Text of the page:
One Who Has Returned, as if from the Dead

CGI has become so advanced these days that it is now possible to make entire movies without ever leaving the studio. Movies like 300 and Sin City are shot entirely in front of green screens with 100% digital backgrounds. When CGI is done well it blends seamlessly into the film and you don’t even notice it. But every once in a while it’s refreshing to see a film that goes completely in the opposite direction.

Alejandro G. Inarritu’s 2015 hit The Revenant is such a film.

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The Revenant was an extremely difficult film to make. It was filmed outdoors using only natural lighting, and tensions among cast and crew ran high. It went hugely over budget and filming ran behind schedule, since Inarritu’s decision to only use natural lighting meant that there were only a few hours per day that were suitable for filming.

The Revenant had all the ingredients of a disaster in the making. Troubled production, going over budget and behind schedule, tensions between volatile artists off-camera, these are the things legendary cinematic flops are made of.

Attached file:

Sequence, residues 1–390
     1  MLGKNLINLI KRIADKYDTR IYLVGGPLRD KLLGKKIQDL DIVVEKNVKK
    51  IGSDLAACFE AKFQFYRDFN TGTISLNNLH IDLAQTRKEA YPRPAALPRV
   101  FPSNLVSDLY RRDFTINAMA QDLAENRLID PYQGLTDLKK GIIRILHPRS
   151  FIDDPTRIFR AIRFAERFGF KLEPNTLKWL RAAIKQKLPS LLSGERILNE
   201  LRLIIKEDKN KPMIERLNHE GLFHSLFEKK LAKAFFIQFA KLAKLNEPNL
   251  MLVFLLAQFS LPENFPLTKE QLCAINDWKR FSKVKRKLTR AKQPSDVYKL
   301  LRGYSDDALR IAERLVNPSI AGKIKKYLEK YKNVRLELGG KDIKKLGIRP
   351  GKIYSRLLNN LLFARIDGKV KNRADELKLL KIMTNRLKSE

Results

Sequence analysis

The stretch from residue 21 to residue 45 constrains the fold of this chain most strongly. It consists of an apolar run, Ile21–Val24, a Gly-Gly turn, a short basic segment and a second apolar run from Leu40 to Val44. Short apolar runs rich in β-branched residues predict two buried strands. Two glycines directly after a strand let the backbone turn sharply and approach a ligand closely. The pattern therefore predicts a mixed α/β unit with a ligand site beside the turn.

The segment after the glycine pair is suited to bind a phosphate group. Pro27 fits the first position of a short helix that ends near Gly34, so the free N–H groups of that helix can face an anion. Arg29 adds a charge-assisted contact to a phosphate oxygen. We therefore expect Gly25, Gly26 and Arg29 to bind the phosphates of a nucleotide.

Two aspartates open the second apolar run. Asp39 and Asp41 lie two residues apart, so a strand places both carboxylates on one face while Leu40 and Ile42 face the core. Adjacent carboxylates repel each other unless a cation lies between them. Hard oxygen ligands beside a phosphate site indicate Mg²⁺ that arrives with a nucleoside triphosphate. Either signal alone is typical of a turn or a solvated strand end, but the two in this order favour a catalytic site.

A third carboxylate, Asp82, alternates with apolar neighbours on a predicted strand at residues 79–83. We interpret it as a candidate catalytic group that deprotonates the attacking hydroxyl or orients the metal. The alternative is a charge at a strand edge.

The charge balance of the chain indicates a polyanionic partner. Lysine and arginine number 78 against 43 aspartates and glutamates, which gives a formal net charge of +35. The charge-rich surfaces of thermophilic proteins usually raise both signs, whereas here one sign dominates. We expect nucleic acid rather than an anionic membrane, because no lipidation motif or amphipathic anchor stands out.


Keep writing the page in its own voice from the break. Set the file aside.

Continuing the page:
And yet, The Revenant was a hit, earning rave reviews, winning three Academy Awards, and making its bloated budget back several times over.

The film follows the exploits of Hugh Glass, played by Leonardo DiCaprio. Glass is a member of a fur-trapping expedition who has the misfortune to be mauled by a bear. His comrades patch him up as best they can and take him with them for a while, but eventually come to the realization that they will not be able to get very far if they have to drag him along. So they leave a few people behind to stay with Glass, with instructions to bury him after he dies. But when a hostile Indian tribe approaches, the men left with Glass abandon him, thinking that he’ll be dead from his grievous injuries soon anyway.